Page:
In the city of Zevenaar, near the German border in the Gelderland province, there are five apartment blocks run by an organisation called Baston Wonen, whose mission is to provide affordable housing, with a special focus on people with low incomes.
To improve the efficiency of their business and the service they provide their tenants, Baston Wonen chose to replace their mechanical meters with Kamstrup smart heat meters. Combined with a READy fixed network remote reading solution, Baston Wonen can now easily view the meter data from their office, without needing access to the apartments.
Easy and self-sufficient meter readingBaston Wonen’s previous supplier used to send someone to physically read the meters inside the apartments for the annual invoice.
As a result, it used to take one person up to five days to read all of the meters in the complex. Also, disturbing residents to gain access to the mechanical meters created operational issues for Baston Wonen and their tenants.
Furthermore, it is not uncommon for some of the apartments to have a few changes of tenants throughout the year. Under their previous system, calculating how much energy each transitory tenant had consumed during their stay was only possible after the fiscal year had ended.
In the past, Baston Wonen had no control over the administration and invoicing of their tenants. They had no possibility of seeing for themselves, exactly how much energy had been consumed over specific time periods.
“During the year when tenants would challenge a bill (e.g. when moving out) it would often take a long time to get an answer from the previous supplier as they would have to wait until the end of the fiscal year. Then when the bill was issued and questions about it were raised, Baston Wonen was fully dependent on the data and the calculations supplied by their previous supplier,” explains Albert Stöcker, Technical Advisor at Baston Wonen and the person who manages their network.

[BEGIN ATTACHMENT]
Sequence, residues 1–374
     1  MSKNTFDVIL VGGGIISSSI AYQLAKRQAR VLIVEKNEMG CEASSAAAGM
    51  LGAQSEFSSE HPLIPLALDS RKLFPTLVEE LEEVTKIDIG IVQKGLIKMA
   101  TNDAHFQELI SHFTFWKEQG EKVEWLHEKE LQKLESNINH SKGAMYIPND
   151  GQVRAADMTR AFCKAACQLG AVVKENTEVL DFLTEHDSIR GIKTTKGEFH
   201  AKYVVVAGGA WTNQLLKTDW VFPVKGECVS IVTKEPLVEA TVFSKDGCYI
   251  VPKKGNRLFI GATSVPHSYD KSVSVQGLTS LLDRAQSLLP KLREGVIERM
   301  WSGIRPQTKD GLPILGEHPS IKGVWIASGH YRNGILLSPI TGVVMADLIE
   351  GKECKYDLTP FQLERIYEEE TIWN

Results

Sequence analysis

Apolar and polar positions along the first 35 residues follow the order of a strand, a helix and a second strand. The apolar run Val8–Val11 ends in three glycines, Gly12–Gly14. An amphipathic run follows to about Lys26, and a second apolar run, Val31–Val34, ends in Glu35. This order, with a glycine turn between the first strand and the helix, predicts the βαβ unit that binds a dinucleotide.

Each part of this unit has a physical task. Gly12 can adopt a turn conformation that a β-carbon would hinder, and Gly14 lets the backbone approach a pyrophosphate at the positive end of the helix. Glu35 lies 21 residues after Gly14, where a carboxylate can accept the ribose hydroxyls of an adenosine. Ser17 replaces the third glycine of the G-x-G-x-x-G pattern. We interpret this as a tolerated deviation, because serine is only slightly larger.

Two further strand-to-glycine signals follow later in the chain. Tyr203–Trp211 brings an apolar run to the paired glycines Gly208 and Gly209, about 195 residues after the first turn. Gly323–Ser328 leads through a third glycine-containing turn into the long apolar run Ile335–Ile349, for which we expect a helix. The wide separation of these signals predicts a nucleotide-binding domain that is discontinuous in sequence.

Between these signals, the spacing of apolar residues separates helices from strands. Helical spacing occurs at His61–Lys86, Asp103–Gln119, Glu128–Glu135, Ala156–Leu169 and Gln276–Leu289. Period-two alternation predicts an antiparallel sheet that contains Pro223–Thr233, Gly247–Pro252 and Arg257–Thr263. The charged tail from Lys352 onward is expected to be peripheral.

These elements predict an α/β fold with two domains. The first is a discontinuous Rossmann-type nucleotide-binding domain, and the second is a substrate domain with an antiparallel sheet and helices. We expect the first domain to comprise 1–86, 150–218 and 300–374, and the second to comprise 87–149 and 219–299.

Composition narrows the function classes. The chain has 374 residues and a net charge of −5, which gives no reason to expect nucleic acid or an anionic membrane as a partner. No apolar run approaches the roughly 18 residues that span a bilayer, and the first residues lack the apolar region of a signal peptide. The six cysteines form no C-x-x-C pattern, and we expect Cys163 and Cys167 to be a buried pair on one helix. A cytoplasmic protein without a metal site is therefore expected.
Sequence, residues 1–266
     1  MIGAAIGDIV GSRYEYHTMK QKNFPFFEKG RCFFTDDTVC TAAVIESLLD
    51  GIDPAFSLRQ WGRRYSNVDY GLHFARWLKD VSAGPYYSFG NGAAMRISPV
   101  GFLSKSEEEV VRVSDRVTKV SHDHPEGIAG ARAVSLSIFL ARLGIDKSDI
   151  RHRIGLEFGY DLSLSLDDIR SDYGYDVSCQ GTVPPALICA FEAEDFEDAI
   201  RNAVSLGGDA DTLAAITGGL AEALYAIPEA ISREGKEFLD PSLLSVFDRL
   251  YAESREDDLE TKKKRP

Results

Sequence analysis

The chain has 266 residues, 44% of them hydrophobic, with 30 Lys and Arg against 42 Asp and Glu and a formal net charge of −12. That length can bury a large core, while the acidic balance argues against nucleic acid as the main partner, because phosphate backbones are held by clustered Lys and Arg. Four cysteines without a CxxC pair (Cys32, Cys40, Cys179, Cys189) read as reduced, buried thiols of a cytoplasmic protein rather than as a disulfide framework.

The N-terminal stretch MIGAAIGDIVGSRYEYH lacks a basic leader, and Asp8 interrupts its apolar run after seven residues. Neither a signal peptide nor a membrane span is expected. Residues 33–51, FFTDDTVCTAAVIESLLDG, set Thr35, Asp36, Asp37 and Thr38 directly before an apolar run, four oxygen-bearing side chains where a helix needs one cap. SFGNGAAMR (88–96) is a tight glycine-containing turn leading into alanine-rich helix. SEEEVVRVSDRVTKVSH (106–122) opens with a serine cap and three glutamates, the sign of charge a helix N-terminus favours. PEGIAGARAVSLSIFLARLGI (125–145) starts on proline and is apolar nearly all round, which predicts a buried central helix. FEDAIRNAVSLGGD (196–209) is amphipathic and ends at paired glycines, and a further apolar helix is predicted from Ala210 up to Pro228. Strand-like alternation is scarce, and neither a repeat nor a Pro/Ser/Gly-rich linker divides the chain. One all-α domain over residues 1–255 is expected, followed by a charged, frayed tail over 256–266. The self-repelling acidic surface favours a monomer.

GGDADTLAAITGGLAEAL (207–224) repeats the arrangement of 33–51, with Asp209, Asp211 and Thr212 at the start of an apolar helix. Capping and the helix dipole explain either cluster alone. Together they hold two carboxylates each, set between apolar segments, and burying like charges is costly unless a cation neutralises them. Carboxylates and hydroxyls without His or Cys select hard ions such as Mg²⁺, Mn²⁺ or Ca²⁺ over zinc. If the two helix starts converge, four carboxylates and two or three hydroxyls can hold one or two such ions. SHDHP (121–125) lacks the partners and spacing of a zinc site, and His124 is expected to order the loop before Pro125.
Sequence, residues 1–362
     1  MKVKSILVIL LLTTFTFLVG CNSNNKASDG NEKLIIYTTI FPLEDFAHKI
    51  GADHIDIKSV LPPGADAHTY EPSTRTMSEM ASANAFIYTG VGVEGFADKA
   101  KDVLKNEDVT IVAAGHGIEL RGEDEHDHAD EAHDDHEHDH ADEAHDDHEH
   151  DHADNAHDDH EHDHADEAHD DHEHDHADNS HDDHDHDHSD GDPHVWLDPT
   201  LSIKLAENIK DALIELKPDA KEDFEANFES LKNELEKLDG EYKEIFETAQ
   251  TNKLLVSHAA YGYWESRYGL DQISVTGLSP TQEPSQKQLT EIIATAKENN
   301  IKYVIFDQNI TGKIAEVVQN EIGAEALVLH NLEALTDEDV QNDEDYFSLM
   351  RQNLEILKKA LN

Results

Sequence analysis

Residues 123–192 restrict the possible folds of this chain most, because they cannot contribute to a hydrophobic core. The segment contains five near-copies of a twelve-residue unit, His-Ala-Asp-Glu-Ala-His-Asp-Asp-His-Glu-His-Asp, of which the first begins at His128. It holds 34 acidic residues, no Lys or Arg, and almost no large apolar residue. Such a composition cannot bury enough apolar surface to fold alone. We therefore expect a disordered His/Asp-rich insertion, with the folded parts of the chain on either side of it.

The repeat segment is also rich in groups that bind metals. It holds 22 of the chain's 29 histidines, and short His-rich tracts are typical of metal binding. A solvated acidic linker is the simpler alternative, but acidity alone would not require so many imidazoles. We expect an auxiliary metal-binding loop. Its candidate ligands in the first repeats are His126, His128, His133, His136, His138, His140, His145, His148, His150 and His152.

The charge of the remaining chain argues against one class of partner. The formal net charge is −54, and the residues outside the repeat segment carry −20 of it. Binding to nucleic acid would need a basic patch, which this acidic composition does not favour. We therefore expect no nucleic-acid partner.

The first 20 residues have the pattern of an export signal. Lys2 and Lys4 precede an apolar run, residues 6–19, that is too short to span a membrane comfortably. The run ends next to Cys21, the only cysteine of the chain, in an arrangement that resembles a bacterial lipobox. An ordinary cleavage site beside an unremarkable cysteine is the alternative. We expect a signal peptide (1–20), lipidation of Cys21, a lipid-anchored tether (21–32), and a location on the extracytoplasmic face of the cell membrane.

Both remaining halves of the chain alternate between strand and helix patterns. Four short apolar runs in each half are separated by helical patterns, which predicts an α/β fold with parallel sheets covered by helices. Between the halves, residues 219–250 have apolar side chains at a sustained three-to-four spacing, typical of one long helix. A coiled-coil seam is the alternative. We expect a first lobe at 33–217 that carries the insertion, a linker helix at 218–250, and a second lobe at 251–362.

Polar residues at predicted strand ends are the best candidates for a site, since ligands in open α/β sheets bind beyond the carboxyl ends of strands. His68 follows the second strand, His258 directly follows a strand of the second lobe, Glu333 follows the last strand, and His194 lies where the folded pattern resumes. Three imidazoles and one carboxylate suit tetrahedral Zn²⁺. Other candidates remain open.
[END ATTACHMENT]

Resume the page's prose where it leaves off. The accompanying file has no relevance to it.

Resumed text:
Now, with the solution from Kamstrup, Baston Wonen can accurately calculate how much energy each apartment has consumed, for whichever time period they desire.
This enables them to bill residents for their exact consumption, making everyone’s lives much easier.
The data generated by the smart meters provides Mr Stöcker with valuable information about how the entire network is performing. The READy Manager remote reading software makes it easy for him to monitor the network and identify specific areas where they can minimize losses. In this way, the wealth of meter data also gives Baston Wonen the knowledge they need to run their business more efficiently.
The potential next step for Baston Wonen is to strengthen their residents’ awareness of their energy consumption. They could do this by installing eButler, an online solution that allows residents to easily see how much energy they are consuming every hour. This enables them to adjust their behaviour to reduce their energy consumption and save money on their bills. No technical knowledge is needed as eButler was designed, with users in mind, to be intuitive and easy to understand. The software is in the local language, with easy to understand analysis via graphs, rather than figures and tables.
Flexibility is the key to control
Kamstrup’s solutions give housing associations the ability to decide if they want to handle the billing themselves or let someone else do it for them. Tailored service agreements are provided, but they are not forced into long-term service contracts. This flexibility and freedom was one of Baston Wonen’s deciding factors behind choosing Kamstrup. “As a customer you can choose to do it yourself or make use of an independent supplier,” says Mr Stöcker.
Baston Wonen housing association:5 apartment blocks, 138 apartments in total, covering an area of around 150 x 150 meters.
• MULTICAL® 302 heat meter with wireless M-Bus communication installed in each apartment
• 3 main meters, MULTICAL® 602 heat meters in the apartment block’s boiler room
• 2 main meters, Kamstrup 382 electricity meters in the apartment block’s boiler room
• 1 data concentrator on the roof of one of the buildings.